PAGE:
Windows Server 2008 End of Life — Ways to Keep Using It Safely
From IT Pro Today
Windows Server 2008 end of life has finally passed its last incarnation. Some IT operations will still have servers running it though, since some industry- or workplace-specific applications don’t work and play well on more recent Windows Server offerings. This means these shops are especially vulnerable to new security threats aimed at unsupported operating systems.
Microsoft isn’t entirely abandoning those still dependent on Windows Server 2008. For three more years, users can continue to receive support by taking advantage of Microsoft’s Extended Security Update program, which promises to supply “critical” and “important” security patches to those with active Software Assurance or subscription licenses. With a few restrictions, the program is also available to those still using SQL Server 2008, with patches limited to “critical” updates.
Extended Security Update is expensive, however, logging-in at “75% of the full license cost annually,” according to Microsoft. That would represent a broad range of pricing, since licensing costs for any Windows Server version vary widely across different editions. When Windows Server 2008 R2 hit the market, for example, a license could be as inexpensive as $469 yearly for the Web Server edition, or as expensive as $3,999 for the Enterprise edition.
For those who want to consider support options beyond the Microsoft offering and want to keep their instance on-premises instead of lifting and shifting to the cloud, there is only one solution that fits the bill.
A Third-Party Solution
0Patch (as in “zero-patch,” and not to be confused with Oracle’s OPatch utility), is a service of Slovenia-based Acros Security that typically supplies security fixes to companies running currently supported versions of Windows. The fixes either address critical zero-day exploits that haven’t yet been addressed by the vendor, or patches to be used as a stopgap measure while vendor-supplied patches are being tested.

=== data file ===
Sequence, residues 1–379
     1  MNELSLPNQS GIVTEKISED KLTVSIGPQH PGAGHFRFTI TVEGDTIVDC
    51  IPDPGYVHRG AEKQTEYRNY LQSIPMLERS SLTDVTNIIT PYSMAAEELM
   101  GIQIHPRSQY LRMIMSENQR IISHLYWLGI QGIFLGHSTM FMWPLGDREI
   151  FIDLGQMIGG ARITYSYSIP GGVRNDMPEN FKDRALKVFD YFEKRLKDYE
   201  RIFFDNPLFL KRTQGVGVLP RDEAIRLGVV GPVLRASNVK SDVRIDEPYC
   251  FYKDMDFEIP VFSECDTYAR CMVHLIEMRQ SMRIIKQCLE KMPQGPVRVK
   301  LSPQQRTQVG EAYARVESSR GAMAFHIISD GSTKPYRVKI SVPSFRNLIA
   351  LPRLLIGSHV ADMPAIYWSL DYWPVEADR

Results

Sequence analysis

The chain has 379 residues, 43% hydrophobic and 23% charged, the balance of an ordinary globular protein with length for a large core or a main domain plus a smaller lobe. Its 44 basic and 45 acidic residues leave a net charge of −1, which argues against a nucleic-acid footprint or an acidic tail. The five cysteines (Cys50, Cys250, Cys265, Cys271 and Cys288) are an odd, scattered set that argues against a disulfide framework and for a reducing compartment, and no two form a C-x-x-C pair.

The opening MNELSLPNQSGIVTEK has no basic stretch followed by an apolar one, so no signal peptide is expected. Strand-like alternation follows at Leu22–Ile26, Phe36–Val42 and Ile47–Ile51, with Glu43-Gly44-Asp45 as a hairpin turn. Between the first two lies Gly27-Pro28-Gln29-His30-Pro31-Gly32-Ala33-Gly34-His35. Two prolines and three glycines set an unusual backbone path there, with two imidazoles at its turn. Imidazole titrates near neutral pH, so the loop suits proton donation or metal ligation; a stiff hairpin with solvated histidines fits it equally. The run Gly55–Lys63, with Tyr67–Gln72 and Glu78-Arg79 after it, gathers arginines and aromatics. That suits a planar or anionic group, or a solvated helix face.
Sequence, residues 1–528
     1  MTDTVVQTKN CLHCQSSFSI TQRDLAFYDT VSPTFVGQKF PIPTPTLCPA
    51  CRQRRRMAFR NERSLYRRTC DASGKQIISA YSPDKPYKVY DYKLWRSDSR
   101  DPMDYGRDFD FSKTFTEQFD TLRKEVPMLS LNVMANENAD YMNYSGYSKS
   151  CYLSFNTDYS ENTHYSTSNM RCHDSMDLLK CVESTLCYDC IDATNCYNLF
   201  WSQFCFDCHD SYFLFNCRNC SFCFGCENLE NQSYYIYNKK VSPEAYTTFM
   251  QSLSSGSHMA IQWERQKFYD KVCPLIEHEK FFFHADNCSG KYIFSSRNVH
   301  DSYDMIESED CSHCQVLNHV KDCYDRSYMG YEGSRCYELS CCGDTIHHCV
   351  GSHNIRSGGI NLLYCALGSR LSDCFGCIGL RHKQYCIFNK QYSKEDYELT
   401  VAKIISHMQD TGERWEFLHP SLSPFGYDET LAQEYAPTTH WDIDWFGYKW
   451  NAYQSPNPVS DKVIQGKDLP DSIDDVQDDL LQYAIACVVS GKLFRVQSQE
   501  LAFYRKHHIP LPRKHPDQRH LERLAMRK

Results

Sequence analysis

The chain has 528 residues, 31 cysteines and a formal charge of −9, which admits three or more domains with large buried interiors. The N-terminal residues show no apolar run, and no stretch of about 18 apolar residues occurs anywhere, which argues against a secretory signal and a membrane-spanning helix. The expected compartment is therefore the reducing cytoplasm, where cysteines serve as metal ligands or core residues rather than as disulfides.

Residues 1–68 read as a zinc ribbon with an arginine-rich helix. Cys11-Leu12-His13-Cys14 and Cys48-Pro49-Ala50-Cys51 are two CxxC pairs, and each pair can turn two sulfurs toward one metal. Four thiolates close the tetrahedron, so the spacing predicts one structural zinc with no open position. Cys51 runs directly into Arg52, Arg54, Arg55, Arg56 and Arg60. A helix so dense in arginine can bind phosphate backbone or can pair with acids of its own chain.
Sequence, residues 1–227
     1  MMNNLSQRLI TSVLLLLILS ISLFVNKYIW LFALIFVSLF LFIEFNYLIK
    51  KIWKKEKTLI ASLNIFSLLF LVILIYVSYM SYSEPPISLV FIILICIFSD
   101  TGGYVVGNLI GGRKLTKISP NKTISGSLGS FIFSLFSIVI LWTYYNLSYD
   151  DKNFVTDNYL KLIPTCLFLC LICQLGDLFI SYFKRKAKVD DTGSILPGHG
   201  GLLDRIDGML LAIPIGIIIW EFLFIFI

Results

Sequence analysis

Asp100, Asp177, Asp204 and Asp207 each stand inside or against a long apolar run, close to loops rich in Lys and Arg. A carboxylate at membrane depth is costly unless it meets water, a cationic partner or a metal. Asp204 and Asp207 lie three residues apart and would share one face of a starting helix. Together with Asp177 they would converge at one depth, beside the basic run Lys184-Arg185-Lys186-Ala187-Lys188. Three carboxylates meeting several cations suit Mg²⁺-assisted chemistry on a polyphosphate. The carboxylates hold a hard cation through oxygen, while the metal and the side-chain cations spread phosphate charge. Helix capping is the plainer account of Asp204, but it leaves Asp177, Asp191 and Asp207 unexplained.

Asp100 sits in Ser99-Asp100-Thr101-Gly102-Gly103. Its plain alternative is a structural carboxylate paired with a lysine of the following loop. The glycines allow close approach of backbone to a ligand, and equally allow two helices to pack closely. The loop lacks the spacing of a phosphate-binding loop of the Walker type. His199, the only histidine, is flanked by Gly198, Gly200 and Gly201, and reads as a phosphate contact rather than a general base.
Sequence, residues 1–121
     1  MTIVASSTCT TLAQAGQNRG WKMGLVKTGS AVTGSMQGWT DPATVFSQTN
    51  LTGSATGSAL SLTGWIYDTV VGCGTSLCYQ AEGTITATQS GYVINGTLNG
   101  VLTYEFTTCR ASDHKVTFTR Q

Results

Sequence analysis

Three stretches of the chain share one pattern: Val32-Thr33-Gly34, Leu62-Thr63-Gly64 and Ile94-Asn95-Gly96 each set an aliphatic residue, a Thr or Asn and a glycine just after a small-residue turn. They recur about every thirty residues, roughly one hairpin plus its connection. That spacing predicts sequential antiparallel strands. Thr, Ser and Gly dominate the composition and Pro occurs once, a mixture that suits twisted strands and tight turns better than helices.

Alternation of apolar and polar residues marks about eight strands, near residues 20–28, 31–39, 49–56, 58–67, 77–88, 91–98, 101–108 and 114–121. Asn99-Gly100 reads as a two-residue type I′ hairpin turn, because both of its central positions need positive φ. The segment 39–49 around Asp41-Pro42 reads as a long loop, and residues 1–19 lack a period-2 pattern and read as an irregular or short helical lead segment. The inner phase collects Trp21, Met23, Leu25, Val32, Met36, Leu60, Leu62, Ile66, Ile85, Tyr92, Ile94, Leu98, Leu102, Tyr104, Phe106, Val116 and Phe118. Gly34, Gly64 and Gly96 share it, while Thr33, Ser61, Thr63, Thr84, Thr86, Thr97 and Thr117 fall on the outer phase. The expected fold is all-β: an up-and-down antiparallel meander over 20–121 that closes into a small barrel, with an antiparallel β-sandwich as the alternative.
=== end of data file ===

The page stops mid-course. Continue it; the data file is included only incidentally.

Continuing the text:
0Patch will keep some no-longer-supported software, including Windows Server 2008 as well as Windows 7, patched against security issues at a cost of a little over $25 annually per machine, with volume discounts starting at 20 computers.
Acros CEO Mitja Kolsek told us that while some of the patches might be based on vendor supplied patches, “We create a lot of patches ourselves.”
“While having access to a vendor’s patch is helpful in determining what the original developers thought was the best way of fixing the vulnerability, we often fix in a different way to minimize the code we change,” he said. “Sometimes our fix is also better that the vendor’s.”
In addition, he said, the company has fixes for some security issues that have yet to be patched by Microsoft.
The company’s reason for needing to “minimize” the changed code might be something that potential users want to consider before …